Many past efforts to quell the fighting, including two agreements this year between Russia and the United States, have failed, and Mr. Putin himself called the deal fragile. But in recent months, major shifts have occurred in the war and among the foreign powers embroiled in it, creating an opening for the new agreement.
The rebels’ loss of eastern Aleppo this month was a major blow to their movement, leaving them without footholds in any of Syria’s largest cities. That has made it harder for their foreign backers to see them as a realistic alternative to Mr. Assad. Even Turkey, which is a longtime supporter of the opposition and is supposed to ensure rebel compliance with the cease-fire, has backed away from its demand that Mr. Assad step down.
In addition, the Obama administration has reduced its engagement in Syrian diplomacy, while President-elect Donald J. Trump has vowed to cut support for the rebels and to work with Mr. Putin to fight jihadists.
As the United States has stepped back, Russia has stepped forward. Mr. Assad’s forces, ground down by years of war, have become heavily dependent on Russian military support, giving Russia the leverage to push Mr. Assad toward new talks.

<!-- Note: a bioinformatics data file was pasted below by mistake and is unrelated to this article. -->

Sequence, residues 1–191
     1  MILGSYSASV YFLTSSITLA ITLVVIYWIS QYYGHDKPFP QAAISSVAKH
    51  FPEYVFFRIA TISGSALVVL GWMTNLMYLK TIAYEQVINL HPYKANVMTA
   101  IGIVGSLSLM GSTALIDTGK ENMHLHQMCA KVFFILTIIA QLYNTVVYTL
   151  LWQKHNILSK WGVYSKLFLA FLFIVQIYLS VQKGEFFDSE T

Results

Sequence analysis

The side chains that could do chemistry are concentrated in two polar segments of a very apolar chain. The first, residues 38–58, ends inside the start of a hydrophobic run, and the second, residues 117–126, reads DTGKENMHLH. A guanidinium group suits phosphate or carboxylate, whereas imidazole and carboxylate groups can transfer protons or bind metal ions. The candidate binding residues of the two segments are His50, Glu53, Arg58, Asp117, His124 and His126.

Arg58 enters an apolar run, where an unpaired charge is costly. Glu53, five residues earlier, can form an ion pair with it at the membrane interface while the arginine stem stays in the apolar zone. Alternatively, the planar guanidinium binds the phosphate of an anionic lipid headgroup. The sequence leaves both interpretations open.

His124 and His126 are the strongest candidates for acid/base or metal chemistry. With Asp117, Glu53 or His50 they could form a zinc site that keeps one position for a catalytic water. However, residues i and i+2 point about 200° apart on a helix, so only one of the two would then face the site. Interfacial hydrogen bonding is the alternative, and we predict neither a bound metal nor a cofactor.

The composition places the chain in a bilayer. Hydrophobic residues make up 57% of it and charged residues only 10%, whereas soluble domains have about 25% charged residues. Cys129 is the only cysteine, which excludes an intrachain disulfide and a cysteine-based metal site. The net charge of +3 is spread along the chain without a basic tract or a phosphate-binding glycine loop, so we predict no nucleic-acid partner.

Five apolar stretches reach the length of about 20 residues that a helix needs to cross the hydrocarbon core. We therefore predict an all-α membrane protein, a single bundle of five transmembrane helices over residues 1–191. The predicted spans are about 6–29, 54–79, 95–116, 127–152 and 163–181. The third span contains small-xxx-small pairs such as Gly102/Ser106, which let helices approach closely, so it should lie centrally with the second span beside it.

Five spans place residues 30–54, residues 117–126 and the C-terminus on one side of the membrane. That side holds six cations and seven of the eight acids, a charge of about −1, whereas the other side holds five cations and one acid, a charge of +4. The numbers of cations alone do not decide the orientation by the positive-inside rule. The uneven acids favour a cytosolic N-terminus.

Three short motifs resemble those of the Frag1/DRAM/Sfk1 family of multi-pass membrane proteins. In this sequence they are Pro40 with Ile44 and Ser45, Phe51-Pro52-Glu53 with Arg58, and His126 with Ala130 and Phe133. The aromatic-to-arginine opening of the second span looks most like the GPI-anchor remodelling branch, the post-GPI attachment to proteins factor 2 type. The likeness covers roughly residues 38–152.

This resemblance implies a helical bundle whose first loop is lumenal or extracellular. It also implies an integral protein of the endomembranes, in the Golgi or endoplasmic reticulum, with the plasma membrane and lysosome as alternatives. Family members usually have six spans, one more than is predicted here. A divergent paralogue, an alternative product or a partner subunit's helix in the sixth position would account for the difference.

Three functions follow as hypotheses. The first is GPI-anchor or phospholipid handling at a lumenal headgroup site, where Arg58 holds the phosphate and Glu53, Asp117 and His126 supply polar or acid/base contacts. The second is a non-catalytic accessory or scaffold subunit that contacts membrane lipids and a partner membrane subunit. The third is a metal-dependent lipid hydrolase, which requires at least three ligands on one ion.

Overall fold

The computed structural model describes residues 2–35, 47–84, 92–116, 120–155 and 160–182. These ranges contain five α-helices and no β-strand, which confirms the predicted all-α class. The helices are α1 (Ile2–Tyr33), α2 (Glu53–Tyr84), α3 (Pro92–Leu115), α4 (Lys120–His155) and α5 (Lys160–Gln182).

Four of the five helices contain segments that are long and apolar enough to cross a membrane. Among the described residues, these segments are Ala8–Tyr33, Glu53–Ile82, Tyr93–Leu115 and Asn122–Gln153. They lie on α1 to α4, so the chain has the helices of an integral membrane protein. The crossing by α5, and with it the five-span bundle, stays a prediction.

But after nearly six years of a war that has drawn in many foreign powers, the issues to be resolved are many, and cracks in the agreement surfaced late Thursday, before the cease-fire took effect.
Left unresolved was the future role of Mr. Assad. Many rebels have vowed to reject any deal that would leave him in power. Some even called the cease-fire a time to regroup for future battles.
“The cease-fire is a new opportunity for the revolutionaries to get their house in order and prepare for all coming possibilities to topple the regime, militarily and politically,” Ammar Sakkar, a spokesman for a prominent rebel faction, wrote on Twitter.